This fascinating collection of Russian Christmas stories, many of which have been published here in English for the first time, is a glimpse into the celebration of this holiday from a simpler age which is long past. Christmas in the twenty-first century has become the season of massive and ugly consumerism, a time when obscene amounts of money are spent on the latest and greatest toys and gadgets. The Christmas tales in A Very Russian Christmas, penned by Tolstoy, Dostoyevsky, Teffi, Chekov, Korolenko, Zoshchenko, Lukashevich, and Gorky bring us back to the holidays of the late nineteenth and early twentieth centuries when children were thrilled to receive fruits and small trinkets that decorated the Christmas trees. In these stories we encounter festive gatherings of different classes of people, reflections on what it meant to live a good life, and lastly, and most importantly, merry making that involves lots of vodka. Lots and lots of vodka. Klaudia Lukashevich describes young, Russian children who are eager with anticipation for the Christmas tree to be decorated and are so excited about celebrating Christmas with their extended family:
And now it appears—a shapely green tree, to which so many legends and recollections are tied…Hello, you sweet, beloved tree! In the midst of winter you bring us the evergreen smell of the forests and, drenched in little lights, you delight the children’s gaze, just as according to ancient legend you brought joy to the gaze of the Holy Infant. Our family had a custom for major holidays to make each other presents, surprises, to unexpectedly bring great happiness and joy. Each quietly prepared his handmade gift; we memorized poems; for the New Year and for Easter we placed the handmade present under our napkins…We were engrossed in this tradition and it brought us much happiness. The gifts were simple, inexpensive but they caused much delight.
My favorite story in the collection is, not surprisingly, from Chekhov who is the undisputed master of the short story. In “A Woman’s Kingdom,” he gives us the character of Anna Akimovna who, despite living in a lavish mansion and being surrounded by wealth and luxury, suffers from a deep loneliness. Anna’s parents and uncle are deceased and at the age of twenty-six she is an heiress and the reluctant owner of a large factory. Other than an old aunt who lives in the lower part of her home, Anna has no other relatives and has not married or had any children.
When Christmas comes around Anna is surrounded by people who pay their respects to her as a member of the upper class and as a prominent owner of a successful factory. Many people beg her for money which makes her feel uncomfortable and perplexed as to how best to help the lower classes. Chekov vividly sets the perfect festive scene in his story as Anna dons her most beautiful dress, greets dozens of guests, and has a lavish dinner with rich food, wine and vodka. Even though Anna is surrounded by people and engages in a variety of holiday activities that would be the envy of many, she is always the loneliest person in the room. Throughout the course of Christmas Day as Anna is taking part in the festivities, she begins to think about one of the factory workers she has recently met and experiences feelings of hope about the prospect of getting married.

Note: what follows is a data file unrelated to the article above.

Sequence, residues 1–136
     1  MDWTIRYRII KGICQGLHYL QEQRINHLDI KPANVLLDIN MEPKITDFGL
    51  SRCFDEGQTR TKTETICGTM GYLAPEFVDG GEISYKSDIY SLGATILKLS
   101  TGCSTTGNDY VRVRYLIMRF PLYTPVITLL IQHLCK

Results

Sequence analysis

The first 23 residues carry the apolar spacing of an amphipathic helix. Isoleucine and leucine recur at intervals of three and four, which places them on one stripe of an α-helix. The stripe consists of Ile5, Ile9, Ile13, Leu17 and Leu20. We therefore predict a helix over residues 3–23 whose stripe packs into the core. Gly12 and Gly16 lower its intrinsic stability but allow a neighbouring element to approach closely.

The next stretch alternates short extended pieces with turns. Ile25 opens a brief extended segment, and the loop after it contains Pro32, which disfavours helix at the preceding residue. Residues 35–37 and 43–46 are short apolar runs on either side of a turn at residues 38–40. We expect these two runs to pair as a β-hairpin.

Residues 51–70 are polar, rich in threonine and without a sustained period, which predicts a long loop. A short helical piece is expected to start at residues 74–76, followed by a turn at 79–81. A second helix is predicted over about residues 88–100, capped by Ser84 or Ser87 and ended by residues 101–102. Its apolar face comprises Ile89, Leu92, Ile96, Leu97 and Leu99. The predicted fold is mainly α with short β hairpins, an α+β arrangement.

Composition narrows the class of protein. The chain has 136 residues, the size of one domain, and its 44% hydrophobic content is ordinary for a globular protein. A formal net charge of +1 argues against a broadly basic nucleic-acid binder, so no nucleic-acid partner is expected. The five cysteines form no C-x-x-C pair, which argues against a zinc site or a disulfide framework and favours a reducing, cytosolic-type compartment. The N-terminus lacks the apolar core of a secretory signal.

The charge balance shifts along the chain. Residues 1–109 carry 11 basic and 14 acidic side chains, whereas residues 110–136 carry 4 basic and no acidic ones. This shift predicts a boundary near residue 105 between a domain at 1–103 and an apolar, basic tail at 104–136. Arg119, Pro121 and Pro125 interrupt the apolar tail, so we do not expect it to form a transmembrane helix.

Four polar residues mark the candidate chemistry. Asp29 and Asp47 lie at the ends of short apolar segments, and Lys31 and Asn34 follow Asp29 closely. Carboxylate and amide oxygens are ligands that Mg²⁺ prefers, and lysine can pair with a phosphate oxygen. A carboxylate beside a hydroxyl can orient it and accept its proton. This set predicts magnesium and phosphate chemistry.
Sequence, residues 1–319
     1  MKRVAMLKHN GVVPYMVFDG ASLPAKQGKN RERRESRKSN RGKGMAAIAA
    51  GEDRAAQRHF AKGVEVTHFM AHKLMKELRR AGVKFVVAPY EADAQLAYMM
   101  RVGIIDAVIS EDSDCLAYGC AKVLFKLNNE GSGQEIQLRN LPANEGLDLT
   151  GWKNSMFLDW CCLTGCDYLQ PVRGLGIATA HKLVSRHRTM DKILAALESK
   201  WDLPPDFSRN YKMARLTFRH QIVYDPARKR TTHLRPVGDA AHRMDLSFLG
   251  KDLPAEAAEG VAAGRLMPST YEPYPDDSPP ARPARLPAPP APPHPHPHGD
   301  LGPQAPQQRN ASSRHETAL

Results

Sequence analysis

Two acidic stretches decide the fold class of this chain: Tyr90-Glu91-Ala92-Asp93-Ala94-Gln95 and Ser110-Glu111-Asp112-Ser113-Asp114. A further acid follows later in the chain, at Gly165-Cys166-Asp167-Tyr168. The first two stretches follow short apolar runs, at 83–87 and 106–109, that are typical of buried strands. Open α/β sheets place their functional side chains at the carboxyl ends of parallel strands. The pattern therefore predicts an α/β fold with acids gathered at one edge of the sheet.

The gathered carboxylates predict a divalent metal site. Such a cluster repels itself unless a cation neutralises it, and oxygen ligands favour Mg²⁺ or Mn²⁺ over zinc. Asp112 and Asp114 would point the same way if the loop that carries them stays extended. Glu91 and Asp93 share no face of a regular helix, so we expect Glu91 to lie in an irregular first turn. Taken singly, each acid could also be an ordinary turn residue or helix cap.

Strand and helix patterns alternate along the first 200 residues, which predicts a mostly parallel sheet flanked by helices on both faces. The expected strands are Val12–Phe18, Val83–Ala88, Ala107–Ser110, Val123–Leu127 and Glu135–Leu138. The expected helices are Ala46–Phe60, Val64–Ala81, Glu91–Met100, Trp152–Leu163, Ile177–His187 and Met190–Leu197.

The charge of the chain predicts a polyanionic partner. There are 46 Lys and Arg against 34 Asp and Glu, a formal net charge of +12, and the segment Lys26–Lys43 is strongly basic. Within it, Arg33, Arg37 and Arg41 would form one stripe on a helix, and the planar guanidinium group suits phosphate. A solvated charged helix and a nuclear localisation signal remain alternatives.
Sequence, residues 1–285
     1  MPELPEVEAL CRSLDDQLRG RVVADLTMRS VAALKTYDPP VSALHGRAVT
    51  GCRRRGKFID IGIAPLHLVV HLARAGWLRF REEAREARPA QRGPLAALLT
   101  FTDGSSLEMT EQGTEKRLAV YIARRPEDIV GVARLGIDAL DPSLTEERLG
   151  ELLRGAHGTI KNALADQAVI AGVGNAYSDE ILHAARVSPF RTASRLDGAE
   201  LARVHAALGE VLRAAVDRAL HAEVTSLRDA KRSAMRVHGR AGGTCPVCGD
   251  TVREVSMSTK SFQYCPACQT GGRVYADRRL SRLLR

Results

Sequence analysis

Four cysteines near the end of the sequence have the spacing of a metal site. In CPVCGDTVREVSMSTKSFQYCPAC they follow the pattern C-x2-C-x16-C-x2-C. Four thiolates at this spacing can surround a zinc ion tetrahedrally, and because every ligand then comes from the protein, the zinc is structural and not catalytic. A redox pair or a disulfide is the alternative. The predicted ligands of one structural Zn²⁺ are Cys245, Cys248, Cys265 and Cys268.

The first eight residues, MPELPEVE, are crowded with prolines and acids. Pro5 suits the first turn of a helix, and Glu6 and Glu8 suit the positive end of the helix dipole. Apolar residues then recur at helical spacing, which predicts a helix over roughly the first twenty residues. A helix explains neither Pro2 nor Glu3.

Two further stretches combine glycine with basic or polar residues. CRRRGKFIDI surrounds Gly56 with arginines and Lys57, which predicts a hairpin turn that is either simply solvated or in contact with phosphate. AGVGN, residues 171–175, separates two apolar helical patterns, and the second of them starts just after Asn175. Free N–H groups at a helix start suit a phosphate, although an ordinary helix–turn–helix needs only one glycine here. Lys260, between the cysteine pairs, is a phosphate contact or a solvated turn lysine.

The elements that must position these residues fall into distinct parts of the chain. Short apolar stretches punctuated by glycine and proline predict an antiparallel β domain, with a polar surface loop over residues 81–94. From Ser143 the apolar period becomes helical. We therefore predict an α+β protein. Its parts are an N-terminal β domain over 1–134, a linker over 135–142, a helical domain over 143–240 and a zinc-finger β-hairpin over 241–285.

A lawyer who is an old family friend visits for Christmas dinner and Anna shares her feelings of loneliness with him. He offers this humorous and hopeful advice to Anna:
The fin de siècle woman—I mean when she is young, and of course wealthy—must be independent, clever, elegant, intellectual, bold and a little depraved. Depraved within limits, a little. For excess, you know, is wearisome. You ought not to vegetate, my dear; You ought not to live like everyone else, but to get the full savor of life, and a slight flavor of depravity is the sauce of life. Revel among flowers of intoxicating fragrance, breathe the perfume of musk, eat hashish, and best of all, love, love, love…To begin with, in your place I would set up seven lovers—one for each day of the week…
Anna’s retort is that she is “lonely, lonely as the moon in the sky, and a waning moon too…” The only thing in the world that will make her happy, Anna believes, is a deep and abiding love that comes with a marriage. Chekov makes the point that all of our feelings and emotions—hope, love, kindness, compassion, loneliness— are heightened and even exasperated during the holidays. Anna feels her loneliness more keenly as she greets her guests, but she also feels more hopeful that she will find true love. As Christmas Day ends, however, and the clock strikes midnight, Anna loses hope for marrying a factory worker and becomes resigned to her loneliness.
I especially enjoyed the Christmas settings in these stories which described celebrations among family and friends, interesting holiday traditions, cold and snowy weather, and a spirit of hope. New Vessel Press, one of my favorite small presses, has published their first hard cover book filled with stories from Russian masters who show us what it means to celebrate a very Russian Christmas.
I would like to wish all of my readers, followers, fellow bloggers, and bibliophiles a very Merry Christmas and a Happy New Year.